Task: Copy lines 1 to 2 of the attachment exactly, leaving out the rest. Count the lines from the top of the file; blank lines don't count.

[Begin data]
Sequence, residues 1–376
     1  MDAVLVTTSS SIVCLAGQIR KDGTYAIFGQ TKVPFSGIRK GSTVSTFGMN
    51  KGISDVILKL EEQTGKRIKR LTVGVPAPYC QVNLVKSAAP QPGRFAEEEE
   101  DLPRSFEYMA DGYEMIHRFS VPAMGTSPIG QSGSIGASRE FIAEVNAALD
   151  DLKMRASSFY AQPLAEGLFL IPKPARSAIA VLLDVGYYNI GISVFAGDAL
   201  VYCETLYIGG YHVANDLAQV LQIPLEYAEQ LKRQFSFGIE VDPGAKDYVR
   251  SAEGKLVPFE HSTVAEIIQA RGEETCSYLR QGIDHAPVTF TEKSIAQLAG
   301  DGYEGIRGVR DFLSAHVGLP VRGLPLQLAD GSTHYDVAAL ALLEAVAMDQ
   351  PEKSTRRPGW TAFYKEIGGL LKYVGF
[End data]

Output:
Sequence, residues 1–376
     1  MDAVLVTTSS SIVCLAGQIR KDGTYAIFGQ TKVPFSGIRK GSTVSTFGMN